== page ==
Three years ago today, our father had a major heart attack while at our ranch in rural central Texas. Thankfully, our uncle was with him and managed to get him to the county hospital on those dirt roads faster than anyone has dared driving on them before. Miraculously, when he arrived the local doctors immediately implemented a brand-new, grant funded, emergency Life Flight specifically created to transfer rural heart attack patients directly to a cardiac surgeon in downtown Austin. Before the rest of our family even left the Houston area, Dad was in the air. We later learned that Dad nearly didn’t survive the journey. Without that program in place, we very well might have lost him.
It was a Sunday. Brian and I were at the house preparing lunch for the kids when Mom called. It was one of those phone calls where you immediately know something is wrong. I remember just sitting on the couch afterwards, not knowing what to do and feeling completely lost. Shelly and her family had taken a day-trip to Louisiana and were returning as quickly as possible. We decided that Mom and our brother would drive to Austin while I would wait for Shelly to return so she and I could drive together.
I sat and waited, cried and prayed. My husband held my hand and sat with me. I prayed the rosary using the Rosary Army podcast on my iPod for the first time.
Because everything happened so fast, including the rural Life Flight, Dad arrived in Austin ahead of Mom. Upon arriving in Austin, the EMTs were surprised to be greeted coming out of the helicopter bay by so many people – Dad’s sisters, their husbands, nieces, nephews and friends. We were so very thankful they were there when we couldn’t be. Ironically, before Shelly and I even got on the road, Dad went into and came out of surgery and we learned he was expected to survive.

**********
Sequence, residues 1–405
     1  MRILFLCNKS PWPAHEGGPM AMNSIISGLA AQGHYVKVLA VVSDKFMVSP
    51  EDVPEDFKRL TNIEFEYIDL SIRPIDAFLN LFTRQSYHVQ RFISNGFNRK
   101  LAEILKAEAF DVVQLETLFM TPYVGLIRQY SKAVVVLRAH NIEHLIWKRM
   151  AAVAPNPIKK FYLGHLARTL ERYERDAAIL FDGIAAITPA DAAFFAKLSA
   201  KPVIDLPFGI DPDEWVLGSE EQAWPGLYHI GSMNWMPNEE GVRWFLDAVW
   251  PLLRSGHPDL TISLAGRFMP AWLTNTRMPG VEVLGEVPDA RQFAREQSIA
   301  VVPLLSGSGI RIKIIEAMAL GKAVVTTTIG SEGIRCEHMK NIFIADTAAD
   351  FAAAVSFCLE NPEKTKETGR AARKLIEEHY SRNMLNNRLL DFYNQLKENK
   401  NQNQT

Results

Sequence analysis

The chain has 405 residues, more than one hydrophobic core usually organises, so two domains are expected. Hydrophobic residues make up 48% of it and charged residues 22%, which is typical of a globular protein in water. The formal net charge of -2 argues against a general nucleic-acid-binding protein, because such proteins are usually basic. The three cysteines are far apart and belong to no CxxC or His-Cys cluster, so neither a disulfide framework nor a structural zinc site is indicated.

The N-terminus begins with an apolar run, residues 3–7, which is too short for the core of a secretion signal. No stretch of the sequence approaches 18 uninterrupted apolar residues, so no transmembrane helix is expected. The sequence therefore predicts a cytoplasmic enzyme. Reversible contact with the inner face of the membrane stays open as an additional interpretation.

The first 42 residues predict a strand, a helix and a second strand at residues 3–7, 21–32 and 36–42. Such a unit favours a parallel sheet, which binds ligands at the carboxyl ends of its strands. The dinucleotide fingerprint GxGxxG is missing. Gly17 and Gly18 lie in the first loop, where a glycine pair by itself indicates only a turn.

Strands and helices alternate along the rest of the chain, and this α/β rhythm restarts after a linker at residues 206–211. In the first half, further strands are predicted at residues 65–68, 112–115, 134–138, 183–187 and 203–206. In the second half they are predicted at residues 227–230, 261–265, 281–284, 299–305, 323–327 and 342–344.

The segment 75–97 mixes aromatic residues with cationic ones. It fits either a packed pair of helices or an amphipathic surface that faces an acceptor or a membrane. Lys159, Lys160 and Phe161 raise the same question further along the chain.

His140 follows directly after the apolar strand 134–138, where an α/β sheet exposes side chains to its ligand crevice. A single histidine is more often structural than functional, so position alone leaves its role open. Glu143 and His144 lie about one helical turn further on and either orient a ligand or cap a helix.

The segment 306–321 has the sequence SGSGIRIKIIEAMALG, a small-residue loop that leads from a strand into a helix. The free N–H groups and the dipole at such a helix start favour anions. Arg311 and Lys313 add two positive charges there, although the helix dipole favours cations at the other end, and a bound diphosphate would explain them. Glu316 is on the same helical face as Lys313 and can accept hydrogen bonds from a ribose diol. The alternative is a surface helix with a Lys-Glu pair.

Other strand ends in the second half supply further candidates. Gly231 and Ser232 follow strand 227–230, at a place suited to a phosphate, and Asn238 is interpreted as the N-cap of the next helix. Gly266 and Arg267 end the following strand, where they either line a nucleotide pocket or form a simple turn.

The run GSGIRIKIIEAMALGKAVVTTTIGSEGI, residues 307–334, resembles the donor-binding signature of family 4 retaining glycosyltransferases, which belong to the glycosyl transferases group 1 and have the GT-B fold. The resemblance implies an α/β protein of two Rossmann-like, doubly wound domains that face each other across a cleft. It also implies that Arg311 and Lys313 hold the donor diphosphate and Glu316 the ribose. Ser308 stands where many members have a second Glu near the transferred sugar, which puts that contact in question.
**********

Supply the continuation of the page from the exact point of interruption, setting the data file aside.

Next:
For the first time in many years my parents and their three grown children were together without any in laws or grandchildren. For two days it was just us in a little hospital room for many hours. There were lots of tears, but also many laughs and jokes, the kind of crazy things that remind you of hanging out with your family as a teenager on a Sunday afternoon. Dad kept insisting that he needed regular clothes for the moment (in a few days) when he would be released. Everything he’d packed for the weekend waited 2 hours away at the ranch, so Shelly and I hit the stores for new clothes. Trying to follow his specific instructions for pants, shoes, even undershirts, proved to be quite a bonding experience. We laughed really hard at the store.
The entire experience, though scary and horrifying, when we considered that Dad almost lost his life, turned out to be quite positive for our family.
In the past three years we’ve changed as a family in ways we would not have imagined. Even though we’ve always been a close-knit family, something has changed. We recognize the inevitableness of losing one of our parents. We see the fragility of life and how quickly the unexpected happens.
Dad has changed since the heart attack. Though he still has immense responsibilities at the company, he cut back his hours, taking the time to train others to handle key directions. He consciously makes more time to be with the grandchildren and to exercise daily. For the past two years at Spring Break he took the whole family on a road trip – 9 days, 15 people, 3 minivans and 2,000 miles driving to West Texas and back. We had a marvelous time.
As siblings, we’ve grown closer, strengthening our relationship, talking about how we’ll continue as one family – not three separate ones – when we do lose our parents.
My father has always been the rock of our family, the captain of our ship. The thought of losing him isn’t any less frightening now than it was three years ago, but we recognize that these past three years have been a true gift from God. When I look back on that day and consider how many things were in just the right place at just the right moment… I know it cannot be mere coincidence. We thank God for giving us this time as a family, to continue to grow closer, to know each other, to reconnect, and to be prepare ourselves for the future.